The Senate should know better, especially after last year.
The U.S. Constitution’s “Origination Clause” (Article 1, Section 7) requires that revenue-related bills to originate in the House; therefore, some argued that the back-taxes provision in the Senate's Comprehensive Immigration Reform Act of 2006 was unconstitutional.
The Senate's current immigration deal requires that illegal aliens to pay back taxes before becoming citizens, thereby reopening the door for any member of the House to block the proposed Senate immigration deal by issuing a blue-slip, the color of the paper used for the resolution which formally declares that there has been a violation of the "Origination Clause." The bill would then be returned to the Senate for the appropriate constitutionally permissible reforms.
According to the Hill, several House members are "lying in wait for the Senate to 'make the same mistake twice.'”
“We’d rather have no bill than a bad bill,” Kurt Bardella, spokesman for Rep. Brian Bilbray (R-Calif.), said. The House Immigration Reform Caucus that Bilbray chairs, bitterly opposed to the Senate bill, “will use any and every means necessary to see that the American people get the immigration [reform] they deserve,” Bardella added.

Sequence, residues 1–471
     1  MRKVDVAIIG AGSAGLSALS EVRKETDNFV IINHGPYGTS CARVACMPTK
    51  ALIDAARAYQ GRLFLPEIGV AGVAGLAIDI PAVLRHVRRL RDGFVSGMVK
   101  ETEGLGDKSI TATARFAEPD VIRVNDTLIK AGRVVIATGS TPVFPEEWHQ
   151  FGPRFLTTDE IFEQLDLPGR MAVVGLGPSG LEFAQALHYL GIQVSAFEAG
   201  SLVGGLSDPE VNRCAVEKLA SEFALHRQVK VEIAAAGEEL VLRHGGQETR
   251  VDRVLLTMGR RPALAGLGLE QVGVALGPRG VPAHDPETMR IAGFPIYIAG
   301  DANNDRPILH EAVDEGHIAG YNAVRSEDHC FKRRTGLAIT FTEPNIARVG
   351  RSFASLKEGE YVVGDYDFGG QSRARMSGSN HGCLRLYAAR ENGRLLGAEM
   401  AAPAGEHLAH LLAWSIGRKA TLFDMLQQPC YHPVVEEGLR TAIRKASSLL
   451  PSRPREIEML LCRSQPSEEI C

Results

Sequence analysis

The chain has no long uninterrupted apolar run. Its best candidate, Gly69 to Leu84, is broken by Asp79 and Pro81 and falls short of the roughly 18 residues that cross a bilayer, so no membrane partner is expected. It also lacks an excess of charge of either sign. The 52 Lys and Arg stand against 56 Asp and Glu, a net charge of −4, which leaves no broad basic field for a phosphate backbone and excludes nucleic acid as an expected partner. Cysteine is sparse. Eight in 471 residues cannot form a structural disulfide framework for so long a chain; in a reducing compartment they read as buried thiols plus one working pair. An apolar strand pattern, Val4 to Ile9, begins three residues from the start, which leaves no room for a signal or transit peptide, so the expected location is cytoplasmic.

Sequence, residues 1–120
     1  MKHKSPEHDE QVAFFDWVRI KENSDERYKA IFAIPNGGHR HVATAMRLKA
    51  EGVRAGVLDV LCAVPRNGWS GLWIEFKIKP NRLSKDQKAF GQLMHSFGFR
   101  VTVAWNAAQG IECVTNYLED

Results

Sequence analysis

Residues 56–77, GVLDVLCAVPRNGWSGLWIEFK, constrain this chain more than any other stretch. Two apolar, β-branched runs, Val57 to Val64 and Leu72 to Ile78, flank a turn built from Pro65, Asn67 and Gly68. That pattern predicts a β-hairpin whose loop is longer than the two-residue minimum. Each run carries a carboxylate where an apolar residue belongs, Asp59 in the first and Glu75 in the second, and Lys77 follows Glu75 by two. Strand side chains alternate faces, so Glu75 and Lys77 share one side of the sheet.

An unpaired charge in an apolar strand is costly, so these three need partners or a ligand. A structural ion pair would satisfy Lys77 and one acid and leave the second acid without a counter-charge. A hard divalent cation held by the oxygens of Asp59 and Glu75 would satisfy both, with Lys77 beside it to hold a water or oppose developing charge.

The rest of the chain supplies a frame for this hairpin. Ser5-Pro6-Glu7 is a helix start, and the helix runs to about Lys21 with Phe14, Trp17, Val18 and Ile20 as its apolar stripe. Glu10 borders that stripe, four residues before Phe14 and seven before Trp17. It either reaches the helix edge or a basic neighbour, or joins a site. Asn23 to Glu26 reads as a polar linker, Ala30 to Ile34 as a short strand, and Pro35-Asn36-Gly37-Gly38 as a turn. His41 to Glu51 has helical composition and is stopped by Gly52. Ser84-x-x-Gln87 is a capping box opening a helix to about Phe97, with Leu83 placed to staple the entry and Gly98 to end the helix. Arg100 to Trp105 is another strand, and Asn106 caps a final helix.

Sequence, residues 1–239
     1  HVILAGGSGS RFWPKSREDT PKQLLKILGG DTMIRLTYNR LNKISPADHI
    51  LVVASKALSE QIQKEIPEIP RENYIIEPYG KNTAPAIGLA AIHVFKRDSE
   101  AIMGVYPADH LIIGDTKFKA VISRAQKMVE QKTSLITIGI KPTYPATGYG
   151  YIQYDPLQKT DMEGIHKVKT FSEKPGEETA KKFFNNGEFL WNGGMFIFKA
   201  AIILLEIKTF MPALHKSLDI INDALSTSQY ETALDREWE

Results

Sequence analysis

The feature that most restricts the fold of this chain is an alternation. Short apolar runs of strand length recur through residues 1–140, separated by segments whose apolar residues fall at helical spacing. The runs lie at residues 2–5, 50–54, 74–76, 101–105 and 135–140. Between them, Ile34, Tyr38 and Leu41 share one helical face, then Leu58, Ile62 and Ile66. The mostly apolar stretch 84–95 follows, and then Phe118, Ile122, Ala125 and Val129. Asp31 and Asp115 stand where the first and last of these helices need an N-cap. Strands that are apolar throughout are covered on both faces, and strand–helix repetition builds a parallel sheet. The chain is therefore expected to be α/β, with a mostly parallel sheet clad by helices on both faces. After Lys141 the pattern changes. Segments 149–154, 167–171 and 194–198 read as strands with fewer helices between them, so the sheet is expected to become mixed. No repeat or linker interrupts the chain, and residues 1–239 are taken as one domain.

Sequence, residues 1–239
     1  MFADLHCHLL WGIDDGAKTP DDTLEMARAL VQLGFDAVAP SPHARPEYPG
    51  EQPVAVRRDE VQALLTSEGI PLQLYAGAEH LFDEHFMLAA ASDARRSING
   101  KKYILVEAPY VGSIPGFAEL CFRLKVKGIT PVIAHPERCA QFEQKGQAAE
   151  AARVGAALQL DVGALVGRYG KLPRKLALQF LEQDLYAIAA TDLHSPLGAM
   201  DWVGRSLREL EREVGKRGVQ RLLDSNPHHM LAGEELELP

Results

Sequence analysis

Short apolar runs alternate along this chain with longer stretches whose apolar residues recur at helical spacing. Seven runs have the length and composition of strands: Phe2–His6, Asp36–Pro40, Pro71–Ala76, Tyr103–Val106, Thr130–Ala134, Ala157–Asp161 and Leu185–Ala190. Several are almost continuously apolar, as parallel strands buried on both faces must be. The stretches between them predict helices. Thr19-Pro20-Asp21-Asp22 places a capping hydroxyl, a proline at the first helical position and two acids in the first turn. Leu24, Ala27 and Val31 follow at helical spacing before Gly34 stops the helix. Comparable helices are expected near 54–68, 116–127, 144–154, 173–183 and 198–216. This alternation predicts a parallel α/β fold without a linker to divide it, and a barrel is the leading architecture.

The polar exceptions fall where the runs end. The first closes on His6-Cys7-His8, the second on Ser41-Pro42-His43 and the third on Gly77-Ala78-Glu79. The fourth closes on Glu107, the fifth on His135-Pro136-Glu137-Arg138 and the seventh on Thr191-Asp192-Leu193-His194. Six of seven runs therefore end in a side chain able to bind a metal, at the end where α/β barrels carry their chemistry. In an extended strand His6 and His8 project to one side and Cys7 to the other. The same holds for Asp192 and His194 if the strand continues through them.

The list of House GOP critics who could race to blue-slip the Senate bill is a long one. Reps. Duncan Hunter (R-Calif.) and Tom Tancredo (R-Colo.), both staking presidential bids on opposition to citizenship for illegal immigrants, and Rep. Tom Feeney (R-Fla.) all said through press secretaries that they are considering any and all options to counter the Senate bill.
Last year, then Senate Majority Leader Bill Frist, tried to resolve the constitutional procedural issue in the usual way, proposing to attach the immigration bill to a tax bill that had already passed the House. It would then proceed to a "conference committee," where negotiators from the House and Senate hammer out differences between the two chambers' immigration bills. But Senate Democratic Leader Harry Reid refused to go along with that fix. I presume that was because the Democrats decided they could gain a partisan political advantage if there was no immigration reform before the midterm elections.
Just like last year, the Senate's immigration deal may be doomed to never make it to a conference committee. Under House rules, any member can introduce a "blue-slip resolution" to return the legislation to the Senate, potentially killing the so-called "immigration reform" effort. Why would the Democratic lead Senate make the same mistake twice? Do the Democrats want to scuttle this year's immigration reform as Reid and company did last year?